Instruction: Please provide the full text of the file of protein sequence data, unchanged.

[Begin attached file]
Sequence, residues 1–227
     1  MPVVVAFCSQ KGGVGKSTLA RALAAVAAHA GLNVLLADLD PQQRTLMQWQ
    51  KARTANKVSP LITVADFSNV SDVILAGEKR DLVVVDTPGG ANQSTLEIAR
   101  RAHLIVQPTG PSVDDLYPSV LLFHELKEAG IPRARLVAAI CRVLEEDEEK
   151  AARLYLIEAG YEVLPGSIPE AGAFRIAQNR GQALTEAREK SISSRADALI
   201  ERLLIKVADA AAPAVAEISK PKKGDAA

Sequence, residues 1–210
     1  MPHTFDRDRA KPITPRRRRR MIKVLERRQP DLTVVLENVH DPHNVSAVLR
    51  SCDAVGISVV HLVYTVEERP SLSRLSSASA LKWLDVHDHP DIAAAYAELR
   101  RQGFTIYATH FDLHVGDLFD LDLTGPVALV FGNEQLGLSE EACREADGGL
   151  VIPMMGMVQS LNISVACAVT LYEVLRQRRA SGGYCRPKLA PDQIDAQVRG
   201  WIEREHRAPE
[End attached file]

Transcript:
Sequence, residues 1–227
     1  MPVVVAFCSQ KGGVGKSTLA RALAAVAAHA GLNVLLADLD PQQRTLMQWQ
    51  KARTANKVSP LITVADFSNV SDVILAGEKR DLVVVDTPGG ANQSTLEIAR
   101  RAHLIVQPTG PSVDDLYPSV LLFHELKEAG IPRARLVAAI CRVLEEDEEK
   151  AARLYLIEAG YEVLPGSIPE AGAFRIAQNR GQALTEAREK SISSRADALI
   201  ERLLIKVADA AAPAVAEISK PKKGDAA

Sequence, residues 1–210
     1  MPHTFDRDRA KPITPRRRRR MIKVLERRQP DLTVVLENVH DPHNVSAVLR
    51  SCDAVGISVV HLVYTVEERP SLSRLSSASA LKWLDVHDHP DIAAAYAELR
   101  RQGFTIYATH FDLHVGDLFD LDLTGPVALV FGNEQLGLSE EACREADGGL
   151  VIPMMGMVQS LNISVACAVT LYEVLRQRRA SGGYCRPKLA PDQIDAQVRG
   201  WIEREHRAPE